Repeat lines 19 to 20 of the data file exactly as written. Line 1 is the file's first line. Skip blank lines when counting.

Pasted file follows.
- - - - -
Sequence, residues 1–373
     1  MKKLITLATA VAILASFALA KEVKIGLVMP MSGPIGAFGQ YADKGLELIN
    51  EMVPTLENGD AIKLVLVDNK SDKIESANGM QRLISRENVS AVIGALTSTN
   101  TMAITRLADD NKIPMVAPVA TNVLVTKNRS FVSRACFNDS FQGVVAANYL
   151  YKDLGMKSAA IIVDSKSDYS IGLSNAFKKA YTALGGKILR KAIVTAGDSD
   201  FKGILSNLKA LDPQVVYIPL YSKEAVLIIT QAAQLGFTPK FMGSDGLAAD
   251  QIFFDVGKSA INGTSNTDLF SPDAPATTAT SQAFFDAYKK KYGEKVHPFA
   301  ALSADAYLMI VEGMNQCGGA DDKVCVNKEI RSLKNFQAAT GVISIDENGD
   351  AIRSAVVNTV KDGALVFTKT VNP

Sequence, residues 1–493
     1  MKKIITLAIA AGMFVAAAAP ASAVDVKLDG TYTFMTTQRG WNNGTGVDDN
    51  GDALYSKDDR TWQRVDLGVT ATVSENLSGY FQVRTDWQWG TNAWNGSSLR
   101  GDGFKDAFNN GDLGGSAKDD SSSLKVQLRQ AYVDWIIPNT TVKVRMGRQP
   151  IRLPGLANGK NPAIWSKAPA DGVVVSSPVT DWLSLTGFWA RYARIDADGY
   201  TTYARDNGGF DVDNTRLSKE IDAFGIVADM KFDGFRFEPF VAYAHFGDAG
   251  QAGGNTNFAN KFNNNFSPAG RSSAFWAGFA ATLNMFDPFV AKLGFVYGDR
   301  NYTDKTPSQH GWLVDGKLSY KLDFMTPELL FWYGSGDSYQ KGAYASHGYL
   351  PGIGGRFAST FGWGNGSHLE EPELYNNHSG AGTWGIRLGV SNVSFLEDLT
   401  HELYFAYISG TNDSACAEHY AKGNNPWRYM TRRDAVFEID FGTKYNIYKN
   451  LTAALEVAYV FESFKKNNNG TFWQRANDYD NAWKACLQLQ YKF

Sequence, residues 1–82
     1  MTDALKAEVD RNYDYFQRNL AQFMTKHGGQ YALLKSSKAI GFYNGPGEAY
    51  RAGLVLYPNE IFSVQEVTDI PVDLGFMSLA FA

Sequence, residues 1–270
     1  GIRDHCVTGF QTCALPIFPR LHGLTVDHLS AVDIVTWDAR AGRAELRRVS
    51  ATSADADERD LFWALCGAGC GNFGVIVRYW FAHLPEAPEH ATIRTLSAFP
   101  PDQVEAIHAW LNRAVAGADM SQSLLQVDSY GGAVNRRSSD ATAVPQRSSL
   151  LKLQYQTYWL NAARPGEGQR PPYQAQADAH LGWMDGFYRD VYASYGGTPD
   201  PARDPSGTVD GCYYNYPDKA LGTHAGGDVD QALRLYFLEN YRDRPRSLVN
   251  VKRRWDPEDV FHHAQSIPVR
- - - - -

   401  HELYFAYISG TNDSACAEHY AKGNNPWRYM TRRDAVFEID FGTKYNIYKN
   451  LTAALEVAYV FESFKKNNNG TFWQRANDYD NAWKACLQLQ YKF